Various states clearly support the meaning of consent…. but close their eyes when it comes to sex
Missouri’s rape in the second degree statute is clear…. “Assent is not consent if induced by force, duress or deception.” But in a blatant case of sexual assault by deception against 30+ women by Mario Antoine in 2016, the SVU Prosecutor, Jill Icenhower, sat on her hands and did nothing.
Texas is also clear in its consent provision, 1.07.19- “Consent is not effective if induced by force, threat or fraud.” But it fails to apply this statute in sexual conduct. Even more bizarre, right??? Texas knows what consent is, but doesn’t think it’s important to protect a person’s right to consent in sex??? What manner of ignorance is that?
Nuremberg Code gives an even greater explanation of force, duress and deception….. all of which would render a person incapable of consent. Nuremberg Code is used in order to conduct medical experiments on living human subjects. There’s no lack of understanding in Nuremberg Code. All manner of force, duress and deception is covered. Researchers cannot ignore the meaning of consent regardless of how the person dresses, their state of intoxication, whether they are acquainted with the subject, or all the ridiculous excuses the authorities use to fail to arrest sexual predators.
In 1962, the American Law Institute created Model Penal Code which states:”Consent is ineffective if induced by force, duress or deception.” But even this provision by a highly regarded authoritative body is ignored by legislators when creating laws.
Clearly, there is earnest awareness of consent in our laws….. but the language used in Penal Codes completely distorts consent’s application in sexual conduct.
New York’s Penal Code deliberately omits that a person is not consenting when they’re defrauded of sex. Force and coercion are causes for arrest… but victims who are defrauded are totally irrelevant to the legislators of New York.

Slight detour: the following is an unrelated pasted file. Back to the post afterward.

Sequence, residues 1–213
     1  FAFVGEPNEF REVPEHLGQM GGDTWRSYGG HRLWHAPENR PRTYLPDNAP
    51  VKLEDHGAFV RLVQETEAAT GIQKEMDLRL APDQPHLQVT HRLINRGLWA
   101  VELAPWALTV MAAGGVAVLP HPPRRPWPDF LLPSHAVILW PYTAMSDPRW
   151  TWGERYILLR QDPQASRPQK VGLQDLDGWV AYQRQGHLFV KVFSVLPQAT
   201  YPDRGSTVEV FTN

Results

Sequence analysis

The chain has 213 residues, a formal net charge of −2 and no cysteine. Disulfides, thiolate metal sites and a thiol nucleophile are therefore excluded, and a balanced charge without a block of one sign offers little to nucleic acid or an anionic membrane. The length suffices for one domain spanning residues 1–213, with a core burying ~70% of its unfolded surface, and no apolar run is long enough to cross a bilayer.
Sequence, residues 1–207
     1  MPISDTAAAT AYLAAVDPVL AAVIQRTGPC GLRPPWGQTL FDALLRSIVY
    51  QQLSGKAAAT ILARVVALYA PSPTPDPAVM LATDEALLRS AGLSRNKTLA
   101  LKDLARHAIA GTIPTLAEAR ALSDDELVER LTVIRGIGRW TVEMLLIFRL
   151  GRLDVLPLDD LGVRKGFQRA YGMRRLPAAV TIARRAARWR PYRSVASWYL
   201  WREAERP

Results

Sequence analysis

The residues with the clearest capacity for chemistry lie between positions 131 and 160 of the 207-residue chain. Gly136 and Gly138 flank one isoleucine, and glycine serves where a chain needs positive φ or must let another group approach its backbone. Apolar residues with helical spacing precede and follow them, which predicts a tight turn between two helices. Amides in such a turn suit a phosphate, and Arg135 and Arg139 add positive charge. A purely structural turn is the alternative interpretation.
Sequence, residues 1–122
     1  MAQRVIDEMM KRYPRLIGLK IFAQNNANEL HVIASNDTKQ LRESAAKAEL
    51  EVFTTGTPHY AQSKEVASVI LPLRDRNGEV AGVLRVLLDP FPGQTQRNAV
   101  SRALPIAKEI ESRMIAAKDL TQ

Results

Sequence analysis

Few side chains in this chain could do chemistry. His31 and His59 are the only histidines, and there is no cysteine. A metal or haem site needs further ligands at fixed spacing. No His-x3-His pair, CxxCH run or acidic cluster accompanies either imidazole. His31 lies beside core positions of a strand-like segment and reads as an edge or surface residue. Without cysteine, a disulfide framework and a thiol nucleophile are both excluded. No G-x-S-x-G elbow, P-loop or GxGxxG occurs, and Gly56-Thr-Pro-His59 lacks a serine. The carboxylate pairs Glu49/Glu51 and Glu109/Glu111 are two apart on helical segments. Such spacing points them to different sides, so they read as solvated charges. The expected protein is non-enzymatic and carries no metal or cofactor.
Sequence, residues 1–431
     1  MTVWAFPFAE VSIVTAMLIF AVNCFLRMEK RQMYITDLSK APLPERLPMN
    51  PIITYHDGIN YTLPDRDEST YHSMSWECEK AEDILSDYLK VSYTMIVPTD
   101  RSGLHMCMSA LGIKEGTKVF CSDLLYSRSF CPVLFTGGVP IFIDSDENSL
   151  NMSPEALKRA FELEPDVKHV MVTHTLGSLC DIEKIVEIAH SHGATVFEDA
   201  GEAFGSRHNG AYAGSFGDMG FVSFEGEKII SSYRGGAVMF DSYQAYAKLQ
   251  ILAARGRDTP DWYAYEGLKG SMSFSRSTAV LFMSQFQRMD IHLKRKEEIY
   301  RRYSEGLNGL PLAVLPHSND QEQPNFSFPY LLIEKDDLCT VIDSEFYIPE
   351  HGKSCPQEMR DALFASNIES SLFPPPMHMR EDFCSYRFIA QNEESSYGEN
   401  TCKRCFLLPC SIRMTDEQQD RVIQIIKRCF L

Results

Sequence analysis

76% of the states and territories throughout the US have NO definition or provision about consent in their laws!
Consent is not an amorphous word. It’s not fluid or without shape. It has a simple, specific definition. That definition does not change with circumstance. The fact that our legislators fail to properly apply the principle of consent to sexual conduct, should show us how little they actually care about protecting us.
They fail to do so for all kinds of selfish reasons….
- They want to be re-elected and are concerned they would lose votes by doing the right thing.
- They, themselves have a rape mentality.
- They buy-into the concept that because minorities are harshly treated by our justice system, we should not increase penal code. Instead, they should be fixing our justice system, not failing to recognize and prevent sexual assault.
- They trivialize the terrible harm defilement creates for the victim of all types of sexual assault.
Learn more about the real meaning of consent and the status of consent in your state. Hon. Sally Siegrist, IN State Representative, says “Your Consent – The Key to Conquering Sexual Assault,” is the primer for defining consent! Get your copy today!